Love and scandal are the best sweeteners of tea. —Henry Fielding

16 December 2008

Slumdog / Narnia

Danny Boyle's Slumdog Millionaire is everything you've been hearing (I assume you've been hearing about it; even my father is talking about it and he's never heard of Danny Boyle and I'd wager never saw 28 Days Later...)

The movie follows a young slumdog, an extremely poor orphan named Jamal, who, along with his brother, has scraped out a life in the streets of Mumbai. Jamal, while he is very young, falls in love with a young girl named Latika, who is also a poor orphan. They are separated by an evil mob boss and by many other circumstances.

Slumdog Millionaire follows the story of Jamal as he is about to win 20 million rupees on the Hindi version of "Who Wants to Be a Millionaire." The movie then flashes back to explain how it came to be that our boy Jamal knows the answers to all of these difficult questions.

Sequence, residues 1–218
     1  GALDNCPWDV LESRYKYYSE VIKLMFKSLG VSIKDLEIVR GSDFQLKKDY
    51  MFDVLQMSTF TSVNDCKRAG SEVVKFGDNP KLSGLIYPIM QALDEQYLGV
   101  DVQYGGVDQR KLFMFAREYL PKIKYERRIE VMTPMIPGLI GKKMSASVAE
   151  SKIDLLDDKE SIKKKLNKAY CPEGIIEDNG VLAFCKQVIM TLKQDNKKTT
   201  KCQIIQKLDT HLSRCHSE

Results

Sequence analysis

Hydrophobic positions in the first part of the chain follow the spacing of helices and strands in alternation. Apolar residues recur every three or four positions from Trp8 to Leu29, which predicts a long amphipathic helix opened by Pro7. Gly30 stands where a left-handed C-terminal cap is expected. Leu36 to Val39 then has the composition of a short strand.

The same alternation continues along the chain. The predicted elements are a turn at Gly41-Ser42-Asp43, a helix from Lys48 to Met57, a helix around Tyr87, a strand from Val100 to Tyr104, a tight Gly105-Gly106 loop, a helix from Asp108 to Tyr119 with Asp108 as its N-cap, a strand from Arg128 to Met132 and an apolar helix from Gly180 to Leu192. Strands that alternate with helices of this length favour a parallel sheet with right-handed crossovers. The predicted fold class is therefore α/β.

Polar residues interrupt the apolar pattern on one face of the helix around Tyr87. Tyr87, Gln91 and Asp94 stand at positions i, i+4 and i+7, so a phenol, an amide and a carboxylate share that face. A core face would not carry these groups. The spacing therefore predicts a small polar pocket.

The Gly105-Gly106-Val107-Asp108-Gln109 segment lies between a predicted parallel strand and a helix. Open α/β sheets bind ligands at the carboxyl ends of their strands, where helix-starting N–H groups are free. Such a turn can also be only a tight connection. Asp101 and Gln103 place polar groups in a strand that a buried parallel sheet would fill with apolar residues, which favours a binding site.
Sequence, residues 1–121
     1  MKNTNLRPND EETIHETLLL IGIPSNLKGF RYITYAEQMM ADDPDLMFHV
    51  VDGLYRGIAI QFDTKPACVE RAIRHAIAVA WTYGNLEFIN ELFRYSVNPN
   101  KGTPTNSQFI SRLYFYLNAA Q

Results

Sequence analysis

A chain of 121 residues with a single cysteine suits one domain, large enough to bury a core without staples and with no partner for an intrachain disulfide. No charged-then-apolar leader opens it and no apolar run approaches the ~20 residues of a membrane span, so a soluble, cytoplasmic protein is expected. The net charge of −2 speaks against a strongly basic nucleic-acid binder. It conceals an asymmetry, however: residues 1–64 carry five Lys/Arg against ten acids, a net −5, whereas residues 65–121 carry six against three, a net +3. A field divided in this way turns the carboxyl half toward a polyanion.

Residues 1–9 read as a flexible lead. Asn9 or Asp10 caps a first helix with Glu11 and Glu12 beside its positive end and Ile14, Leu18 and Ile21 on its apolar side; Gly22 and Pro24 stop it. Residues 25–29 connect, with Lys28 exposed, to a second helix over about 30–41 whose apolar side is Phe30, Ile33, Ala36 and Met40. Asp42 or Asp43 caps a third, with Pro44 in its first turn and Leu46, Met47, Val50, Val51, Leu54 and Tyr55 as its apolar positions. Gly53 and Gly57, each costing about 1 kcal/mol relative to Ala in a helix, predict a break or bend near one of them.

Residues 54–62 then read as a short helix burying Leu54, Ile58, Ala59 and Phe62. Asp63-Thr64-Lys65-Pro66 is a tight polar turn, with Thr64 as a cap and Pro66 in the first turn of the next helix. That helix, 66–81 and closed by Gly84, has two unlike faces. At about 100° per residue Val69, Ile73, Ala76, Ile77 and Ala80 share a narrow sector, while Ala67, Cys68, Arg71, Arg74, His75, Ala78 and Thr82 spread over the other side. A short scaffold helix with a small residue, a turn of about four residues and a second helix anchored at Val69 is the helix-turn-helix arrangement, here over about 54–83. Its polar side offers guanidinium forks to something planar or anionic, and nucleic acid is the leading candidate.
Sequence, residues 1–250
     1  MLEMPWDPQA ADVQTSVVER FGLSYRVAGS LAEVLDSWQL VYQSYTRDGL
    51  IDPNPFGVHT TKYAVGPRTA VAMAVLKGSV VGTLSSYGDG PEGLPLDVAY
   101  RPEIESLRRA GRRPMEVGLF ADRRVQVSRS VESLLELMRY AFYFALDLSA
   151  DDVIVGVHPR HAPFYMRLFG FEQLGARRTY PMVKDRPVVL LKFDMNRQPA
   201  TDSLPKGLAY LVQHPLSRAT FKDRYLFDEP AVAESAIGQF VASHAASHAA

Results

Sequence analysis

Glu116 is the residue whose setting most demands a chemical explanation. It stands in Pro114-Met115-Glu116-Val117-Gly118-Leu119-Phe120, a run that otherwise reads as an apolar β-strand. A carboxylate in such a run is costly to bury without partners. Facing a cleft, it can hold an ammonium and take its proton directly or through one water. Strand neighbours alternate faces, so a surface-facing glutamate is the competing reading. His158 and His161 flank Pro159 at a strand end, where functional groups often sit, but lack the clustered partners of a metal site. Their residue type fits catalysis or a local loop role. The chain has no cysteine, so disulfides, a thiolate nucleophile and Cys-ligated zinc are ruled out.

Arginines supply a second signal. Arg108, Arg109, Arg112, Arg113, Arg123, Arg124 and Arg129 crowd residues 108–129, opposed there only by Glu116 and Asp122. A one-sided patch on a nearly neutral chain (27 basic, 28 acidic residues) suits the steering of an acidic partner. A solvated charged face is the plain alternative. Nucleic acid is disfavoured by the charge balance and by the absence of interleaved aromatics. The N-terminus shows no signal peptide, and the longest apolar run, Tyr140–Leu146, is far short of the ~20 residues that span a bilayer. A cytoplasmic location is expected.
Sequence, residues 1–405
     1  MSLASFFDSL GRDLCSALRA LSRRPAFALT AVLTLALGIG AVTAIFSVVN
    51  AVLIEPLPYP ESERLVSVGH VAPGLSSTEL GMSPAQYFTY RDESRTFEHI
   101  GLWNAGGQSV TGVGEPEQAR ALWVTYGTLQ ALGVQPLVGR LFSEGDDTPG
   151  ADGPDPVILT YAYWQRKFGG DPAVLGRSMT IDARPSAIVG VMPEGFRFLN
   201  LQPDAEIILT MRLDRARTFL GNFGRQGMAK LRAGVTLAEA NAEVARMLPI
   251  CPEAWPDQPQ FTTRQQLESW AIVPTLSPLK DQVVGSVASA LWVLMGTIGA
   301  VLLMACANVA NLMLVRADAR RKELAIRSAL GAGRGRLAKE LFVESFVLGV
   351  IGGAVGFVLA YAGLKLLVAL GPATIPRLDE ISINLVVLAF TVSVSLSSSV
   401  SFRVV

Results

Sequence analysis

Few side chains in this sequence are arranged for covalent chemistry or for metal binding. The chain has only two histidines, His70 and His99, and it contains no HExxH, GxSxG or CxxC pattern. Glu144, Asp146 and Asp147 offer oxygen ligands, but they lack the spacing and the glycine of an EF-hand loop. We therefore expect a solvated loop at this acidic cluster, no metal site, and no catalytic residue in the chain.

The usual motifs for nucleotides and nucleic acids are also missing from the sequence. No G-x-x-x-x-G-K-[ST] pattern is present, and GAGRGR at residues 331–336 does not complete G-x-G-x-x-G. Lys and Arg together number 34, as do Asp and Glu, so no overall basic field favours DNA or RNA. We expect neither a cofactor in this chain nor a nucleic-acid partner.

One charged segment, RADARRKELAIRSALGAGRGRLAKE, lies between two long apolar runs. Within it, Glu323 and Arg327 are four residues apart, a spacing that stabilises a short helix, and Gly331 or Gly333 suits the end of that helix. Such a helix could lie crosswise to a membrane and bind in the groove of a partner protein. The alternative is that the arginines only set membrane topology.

The film is about fate and the convergence of circumstances. It's a fairy tale, of course, but is also about the universe and hope and working as hard as you can to get what you want. It's beautifully shot--in typical, gorgeous, Danny Boyle style--and edited at a fast pace. Slumdog Millionaire is sweeping, romantic, occasionally heartbreaking, and always fun. This is a must-see picture and seems to be getting enough good buzz that it will be getting an Oscar nomination (in the Juno/Little Miss Sunshine/Chocolat slot.)

I also made time for Andrew Adamson's Chronicles of Narnia sequel: Prince Caspian which I expected to like, but which left me a little cold. It's a weird little movie, actually: far too many protagonists for any coherence (at least The Lord of the Rings always had Frodo...); complicated and ill-explained exposition; weird narrative structure; anti-climactic ending. It's not a bad movie, really, but it doesn't really cohere very well. I imagine that the next one will be a little better: if I remember correctly, the plot is a little more linear and there are fewer focal characters.

More movies to come. I am in Los Angeles, now, and trying to see as many as I can